Although many of the visitors to Tomioka Hachiman Jinja and Sanju-San Gendo are samurai, the Fukagawa neighborhood is mainly home to blue-collar workers who work in various parts of Edo. While almost the entire shita-machi area of Edo can be roughly described as "working class", few areas are as representative of the hard-working day laborers who keep the city running smoothly. The neighborhoods of Edo are divided into cho ("towns") that average about one hectare in size (2.5 acres). Each cho has its own local leaders and its own local services such as the ban-nin ("town watch", or police) and the shobo-nin (firefighters). Most cho are further divided into about a dozen ban ("blocks" of houses). In Fukagawa, most of the ban are occupied by five or ten row houses (nagaya). These are long, two-story buildings that contain up to a hundred individual "apartments". Usually, two row houses are built around a central square with one or more wells and some green space between the two buildings where people can relax and socialize, and where the children can play.

The central square between the row houses is the focus of daily life for residents. Most nagaya have only small windows facing the street, while the doors of each apartment face the central square. The central square is semi-paved, and has a few small trees and shrubs. At one end of the square is a large well, which everyone in the "block" uses for washing and drinking water. At the other end of the square is a public toilet. In most residential districts of Edo, public toilets are the norm. The people of Edo do not dump their sewage into the rivers or oceans, as is done in many other cities around the world. Instead, all human waste is collected, composted and recycled as manure for farming. This is one reason why Edo has a relatively low incidence of disease -- there is no sewage to pollute the water supply or serve as a breeding ground for bacteria. In this sense, sanitation in Edo is far more advanced than in most other parts of the world. Manure collectors visit the neighborhood once a week, and carry away the waste to a composting area in the countryside. This keeps the entire town clean and sanitary.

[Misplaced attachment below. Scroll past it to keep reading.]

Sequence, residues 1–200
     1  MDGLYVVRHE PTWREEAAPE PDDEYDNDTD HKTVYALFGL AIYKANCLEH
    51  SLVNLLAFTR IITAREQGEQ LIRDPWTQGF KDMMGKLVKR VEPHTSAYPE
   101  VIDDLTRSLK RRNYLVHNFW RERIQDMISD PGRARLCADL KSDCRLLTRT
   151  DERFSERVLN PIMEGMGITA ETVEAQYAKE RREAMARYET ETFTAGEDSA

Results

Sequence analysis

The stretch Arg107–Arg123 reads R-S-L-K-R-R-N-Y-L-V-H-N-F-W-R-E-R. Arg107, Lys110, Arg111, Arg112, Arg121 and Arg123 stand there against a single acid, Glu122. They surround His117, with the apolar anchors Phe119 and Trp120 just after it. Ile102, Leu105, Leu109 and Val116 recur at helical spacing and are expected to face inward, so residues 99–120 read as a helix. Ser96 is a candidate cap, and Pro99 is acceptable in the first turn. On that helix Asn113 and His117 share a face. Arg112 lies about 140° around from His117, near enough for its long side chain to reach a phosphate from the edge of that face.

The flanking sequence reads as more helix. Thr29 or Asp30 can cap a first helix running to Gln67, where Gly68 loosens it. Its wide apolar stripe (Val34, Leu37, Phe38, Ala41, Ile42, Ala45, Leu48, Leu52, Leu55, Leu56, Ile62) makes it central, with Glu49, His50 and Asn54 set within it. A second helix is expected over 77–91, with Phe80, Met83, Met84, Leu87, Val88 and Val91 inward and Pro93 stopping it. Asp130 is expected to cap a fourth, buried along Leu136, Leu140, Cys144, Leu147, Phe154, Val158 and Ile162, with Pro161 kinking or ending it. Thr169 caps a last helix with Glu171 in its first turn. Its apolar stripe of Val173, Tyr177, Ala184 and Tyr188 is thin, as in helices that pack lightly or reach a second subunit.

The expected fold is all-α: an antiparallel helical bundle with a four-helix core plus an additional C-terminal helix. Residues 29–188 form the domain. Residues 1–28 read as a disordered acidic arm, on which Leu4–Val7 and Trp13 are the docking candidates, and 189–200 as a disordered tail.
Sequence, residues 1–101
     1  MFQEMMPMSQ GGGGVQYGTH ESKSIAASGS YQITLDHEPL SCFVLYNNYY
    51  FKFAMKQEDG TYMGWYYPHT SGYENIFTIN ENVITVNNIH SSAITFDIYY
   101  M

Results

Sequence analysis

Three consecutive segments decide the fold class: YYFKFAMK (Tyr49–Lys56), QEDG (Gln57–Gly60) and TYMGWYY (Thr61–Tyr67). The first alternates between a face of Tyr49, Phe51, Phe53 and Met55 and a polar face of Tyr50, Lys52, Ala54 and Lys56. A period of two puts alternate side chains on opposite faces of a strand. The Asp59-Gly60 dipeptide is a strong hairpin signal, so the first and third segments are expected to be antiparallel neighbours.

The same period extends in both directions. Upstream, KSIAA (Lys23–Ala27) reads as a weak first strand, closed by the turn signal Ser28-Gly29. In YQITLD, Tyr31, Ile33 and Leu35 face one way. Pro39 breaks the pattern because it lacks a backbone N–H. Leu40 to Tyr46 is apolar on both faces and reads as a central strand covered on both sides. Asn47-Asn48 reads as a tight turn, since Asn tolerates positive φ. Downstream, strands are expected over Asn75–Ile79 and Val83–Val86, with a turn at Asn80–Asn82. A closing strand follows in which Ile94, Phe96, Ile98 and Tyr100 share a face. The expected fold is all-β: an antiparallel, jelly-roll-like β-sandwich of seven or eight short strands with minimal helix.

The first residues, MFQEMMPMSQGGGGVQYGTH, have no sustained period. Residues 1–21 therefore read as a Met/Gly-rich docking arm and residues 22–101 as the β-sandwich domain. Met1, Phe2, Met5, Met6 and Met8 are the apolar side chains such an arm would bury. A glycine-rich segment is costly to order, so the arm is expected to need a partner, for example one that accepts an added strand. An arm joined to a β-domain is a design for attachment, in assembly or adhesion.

The apartments in the nagaya are very small. Each individual unit has a single room about six tatami mats in size. A tatami is a heavy straw mat used on the floor of most Japanese homes. Since the mats are always made to a specific size, rooms are often measured in terms of the number of tatami on the floor. A six-tatami room is about 3.5 meters (12 feet) square.

Typically, an entire family -- parents, children and perhaps grandparents as well -- will live in one of these rooms. However, in cases where several adult siblings live in the same "block", they may share the cost of a separate third apartment for the grandparents.

These relatively crowded conditions are one reason why the central square is the focus of daily life. Houses are too small for the family to spend all day indoors. In fact, the apartments are mainly used just for sleeping. All other daily chores are done in the central square.In the evenings, after a hard day's work, the men will bring out mats and spread them on the ground, then spend the evening talking to their neighbors, smoking, sipping sake and eating the food that the women of the neighborhood have prepared.